Along with fire in the belly, I have also come to believe that great success is usually predicated upon great failure. It seems that one is needed for the other, that nobody goes unscathed. Now this often makes for wonderful stories and teaching moments. These are tales from the trenches. Funny stories, sad stories, memorable stories, where failure and success are intertwined.

No Textbook Here

My friend Neal Wade, former head of the Alabama Development Office, and I want to write a book to tell these kind of stories. We want it to be from the perspective of  both economic developers and site selection consultants. The book will be about recruiting projects won and lost, and I promise that it will have no resemblance to a boring textbook.

Rather, we want to tell memorable stories that serve a purpose, stories that teach. To accomplish this, we will need your help. In short, we want to hear your stories, as they will be the foundation for our teaching book.

“We are looking for message stories,” said Wade, who was recently named executive director of the Bay County Economic Development Council in Panama City, Fla. “Some will be humorous. Some will be touching. We are going to tell stories to make a point. The story could be a real tear jerker or it could make you laugh. We want you to learn from these stories.”

Wade, formerly the president of the Economic Development Partnership of Alabama, has a story of his own that he will occasionally tell.

“You know I always dealt with numbers. I always thought that you had to have a certain number of jobs, until I went down to Foley (Alabama). EDPA had provided a grant and helped a plant there, and I had been invited to attend the grand opening.

“After the program was over, a lady walked up to me and said, ‘I just want to thank you. I am now going to earn a salary that will allow me to send my kids to college.’ Now, I can’t tell that story publicly without almost tearing up. Because it taught me that we are not in this just for the numbers. We’re in this because we can change lives.”

The Power of Stories

That story will be implanted in Neal for the rest of his life. It touched him, and stories will do that. They become a part of our DNA and have been so ever since early man painted images on cave walls.  We remember stories, we appreciate stories, we even think in terms of stories or narratives.  We collect them whether we know it or not. In business and in life, stories become a part of us.

Some people are just natural story tellers. Mike Bolton, a sports columnist at the Birmingham News, certainly has that gift. Mike could double me over in laughter with his tales, most of which poked fun of himself. I remember one he told about a New Year’s eve party that he went to as a hell raising young man.  Much alcohol was consumed that night.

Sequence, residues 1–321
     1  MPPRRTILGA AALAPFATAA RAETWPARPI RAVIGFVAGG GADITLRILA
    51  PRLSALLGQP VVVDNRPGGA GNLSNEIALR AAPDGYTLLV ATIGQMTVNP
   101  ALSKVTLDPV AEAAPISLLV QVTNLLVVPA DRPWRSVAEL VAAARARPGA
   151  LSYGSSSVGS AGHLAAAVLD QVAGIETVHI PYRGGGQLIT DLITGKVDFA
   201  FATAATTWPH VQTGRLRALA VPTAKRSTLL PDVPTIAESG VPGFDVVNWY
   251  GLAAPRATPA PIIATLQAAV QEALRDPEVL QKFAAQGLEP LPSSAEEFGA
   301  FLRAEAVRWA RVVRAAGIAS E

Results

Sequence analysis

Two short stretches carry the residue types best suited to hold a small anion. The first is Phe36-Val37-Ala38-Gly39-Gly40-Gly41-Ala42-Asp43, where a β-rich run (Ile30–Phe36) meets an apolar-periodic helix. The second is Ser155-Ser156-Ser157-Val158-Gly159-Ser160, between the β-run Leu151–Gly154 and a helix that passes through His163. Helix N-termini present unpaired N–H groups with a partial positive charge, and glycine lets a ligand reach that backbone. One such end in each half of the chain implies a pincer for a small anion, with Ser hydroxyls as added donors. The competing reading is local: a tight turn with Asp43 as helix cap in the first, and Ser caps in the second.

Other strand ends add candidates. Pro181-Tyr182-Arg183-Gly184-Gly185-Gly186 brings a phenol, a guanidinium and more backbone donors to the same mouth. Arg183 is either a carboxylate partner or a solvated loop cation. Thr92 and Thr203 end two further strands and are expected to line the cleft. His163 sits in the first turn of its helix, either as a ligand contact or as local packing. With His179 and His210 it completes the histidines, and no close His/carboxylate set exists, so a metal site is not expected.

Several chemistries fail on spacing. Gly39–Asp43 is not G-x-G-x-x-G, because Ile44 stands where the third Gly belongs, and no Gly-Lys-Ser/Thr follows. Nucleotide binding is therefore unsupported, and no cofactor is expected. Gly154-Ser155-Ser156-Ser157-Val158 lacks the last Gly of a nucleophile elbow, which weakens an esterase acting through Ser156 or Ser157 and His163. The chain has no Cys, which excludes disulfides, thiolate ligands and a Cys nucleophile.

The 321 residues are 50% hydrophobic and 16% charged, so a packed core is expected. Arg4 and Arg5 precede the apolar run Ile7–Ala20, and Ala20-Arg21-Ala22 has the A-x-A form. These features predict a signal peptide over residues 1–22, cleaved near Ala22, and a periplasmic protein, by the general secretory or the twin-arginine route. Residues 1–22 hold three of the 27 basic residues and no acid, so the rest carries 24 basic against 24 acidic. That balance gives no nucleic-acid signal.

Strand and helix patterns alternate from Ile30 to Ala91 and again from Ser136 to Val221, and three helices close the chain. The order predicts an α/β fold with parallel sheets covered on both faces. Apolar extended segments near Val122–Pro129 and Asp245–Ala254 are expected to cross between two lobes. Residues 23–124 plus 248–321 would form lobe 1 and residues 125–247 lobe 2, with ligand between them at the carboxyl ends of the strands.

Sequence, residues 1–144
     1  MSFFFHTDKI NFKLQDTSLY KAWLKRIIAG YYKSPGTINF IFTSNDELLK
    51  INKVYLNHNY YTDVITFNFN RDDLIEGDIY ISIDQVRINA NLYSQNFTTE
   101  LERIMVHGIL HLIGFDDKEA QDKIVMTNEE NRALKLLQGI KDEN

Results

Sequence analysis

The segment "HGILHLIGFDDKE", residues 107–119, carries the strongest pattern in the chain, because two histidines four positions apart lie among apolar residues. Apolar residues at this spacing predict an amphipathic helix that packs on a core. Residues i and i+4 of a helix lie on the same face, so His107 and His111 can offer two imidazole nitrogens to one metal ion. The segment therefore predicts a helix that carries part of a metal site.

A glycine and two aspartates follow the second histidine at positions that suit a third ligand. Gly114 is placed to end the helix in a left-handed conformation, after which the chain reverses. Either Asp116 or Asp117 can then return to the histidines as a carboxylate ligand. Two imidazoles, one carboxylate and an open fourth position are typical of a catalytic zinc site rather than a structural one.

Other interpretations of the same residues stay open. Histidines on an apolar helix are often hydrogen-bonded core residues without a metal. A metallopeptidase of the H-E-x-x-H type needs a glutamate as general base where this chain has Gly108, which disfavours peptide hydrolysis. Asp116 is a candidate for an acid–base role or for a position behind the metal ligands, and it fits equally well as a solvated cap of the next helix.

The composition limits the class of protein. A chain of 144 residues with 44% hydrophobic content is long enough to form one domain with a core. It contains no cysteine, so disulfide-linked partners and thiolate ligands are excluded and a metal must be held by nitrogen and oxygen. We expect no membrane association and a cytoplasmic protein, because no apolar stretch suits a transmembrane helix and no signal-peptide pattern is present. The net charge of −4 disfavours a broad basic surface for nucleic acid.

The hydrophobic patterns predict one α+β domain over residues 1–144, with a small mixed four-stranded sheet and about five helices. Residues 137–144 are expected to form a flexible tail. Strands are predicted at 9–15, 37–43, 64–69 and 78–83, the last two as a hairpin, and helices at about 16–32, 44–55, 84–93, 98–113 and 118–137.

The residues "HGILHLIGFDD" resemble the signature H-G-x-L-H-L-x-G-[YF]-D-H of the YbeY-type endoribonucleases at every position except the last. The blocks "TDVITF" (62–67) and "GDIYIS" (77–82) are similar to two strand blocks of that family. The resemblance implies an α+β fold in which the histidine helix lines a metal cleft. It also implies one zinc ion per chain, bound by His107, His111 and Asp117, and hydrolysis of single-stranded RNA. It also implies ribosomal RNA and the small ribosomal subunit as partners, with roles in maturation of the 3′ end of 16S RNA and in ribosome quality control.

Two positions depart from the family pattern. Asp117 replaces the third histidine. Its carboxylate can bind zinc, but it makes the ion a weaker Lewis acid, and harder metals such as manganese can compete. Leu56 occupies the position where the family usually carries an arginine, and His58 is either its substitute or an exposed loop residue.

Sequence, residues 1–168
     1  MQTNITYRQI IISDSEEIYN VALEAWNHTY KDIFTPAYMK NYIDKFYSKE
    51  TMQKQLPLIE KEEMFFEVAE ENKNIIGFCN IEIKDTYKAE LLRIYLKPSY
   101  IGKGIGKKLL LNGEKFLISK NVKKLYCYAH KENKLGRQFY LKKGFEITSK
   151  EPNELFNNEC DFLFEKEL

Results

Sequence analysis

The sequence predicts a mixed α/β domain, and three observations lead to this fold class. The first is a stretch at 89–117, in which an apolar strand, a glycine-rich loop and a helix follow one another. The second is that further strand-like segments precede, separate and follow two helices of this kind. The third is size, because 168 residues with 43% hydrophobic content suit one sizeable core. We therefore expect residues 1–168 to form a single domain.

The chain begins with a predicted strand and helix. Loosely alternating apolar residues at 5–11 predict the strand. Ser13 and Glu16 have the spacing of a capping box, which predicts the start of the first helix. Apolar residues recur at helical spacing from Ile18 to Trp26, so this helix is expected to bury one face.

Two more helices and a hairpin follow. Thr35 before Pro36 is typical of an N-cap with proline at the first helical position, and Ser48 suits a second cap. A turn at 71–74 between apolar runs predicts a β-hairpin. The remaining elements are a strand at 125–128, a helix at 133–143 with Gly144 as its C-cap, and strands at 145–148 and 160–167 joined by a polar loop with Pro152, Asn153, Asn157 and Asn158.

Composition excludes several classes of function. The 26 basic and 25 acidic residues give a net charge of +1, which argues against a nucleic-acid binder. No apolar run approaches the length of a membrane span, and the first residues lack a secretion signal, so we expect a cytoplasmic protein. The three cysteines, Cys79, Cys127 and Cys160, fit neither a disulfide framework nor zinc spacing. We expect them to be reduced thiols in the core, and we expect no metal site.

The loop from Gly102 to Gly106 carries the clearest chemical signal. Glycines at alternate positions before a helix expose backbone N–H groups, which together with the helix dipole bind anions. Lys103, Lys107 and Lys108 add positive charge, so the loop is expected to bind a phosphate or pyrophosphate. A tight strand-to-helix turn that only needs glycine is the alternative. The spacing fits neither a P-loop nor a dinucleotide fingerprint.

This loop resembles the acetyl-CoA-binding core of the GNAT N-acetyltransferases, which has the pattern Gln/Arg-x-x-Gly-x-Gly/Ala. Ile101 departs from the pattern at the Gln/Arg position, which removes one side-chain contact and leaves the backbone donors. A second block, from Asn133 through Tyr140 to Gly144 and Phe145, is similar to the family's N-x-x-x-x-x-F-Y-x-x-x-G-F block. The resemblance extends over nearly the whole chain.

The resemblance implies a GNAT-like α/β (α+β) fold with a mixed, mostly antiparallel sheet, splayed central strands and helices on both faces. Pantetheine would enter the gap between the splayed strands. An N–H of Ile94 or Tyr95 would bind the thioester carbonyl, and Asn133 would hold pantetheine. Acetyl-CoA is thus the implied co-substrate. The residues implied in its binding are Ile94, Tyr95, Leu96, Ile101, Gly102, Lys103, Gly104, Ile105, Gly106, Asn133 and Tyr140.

When Mike wakes up the next morning, he finds himself outstretched on the front lawn. He stumbles into the party house, where his buddies are all laid out. He makes his way to the bathroom mirror, where he cannot help but see that his face is scorched red and his mustache is burned off. Even his tongue is burned. Something is very wrong.

Then he learns the truth from his friends, who awake, see him with a burnt face and begin howling with laughter. They call him “a legend.” It seems that after Mike passed out on the lawn from too much fun, his drunken pals soon recognized the brilliant opportunity to shoot bottle rockets out of this mouth.

Now that’s the short version. When Mike, now a church leader and far removed from his rowdy days, gives this account, it is so much better because he has this gift for storytelling.  And I will always remember that story. I can’t prove it that it happened. Heck, I don’t want to. I just want to savor it, even if it has nothing to do with economic development or site selection.

Now the moral of the story is not to drink yourself into a stupor around riotous, drunken friends who might take a notion to entertain themselves by humiliating you in the process.  Thankfully, Mike’s friends did not shoot bottle rockets from another orifice.

By the way, Mike gave me permission to tell this story. He’s a brave man.

Sailing Across the Deep Blue Sea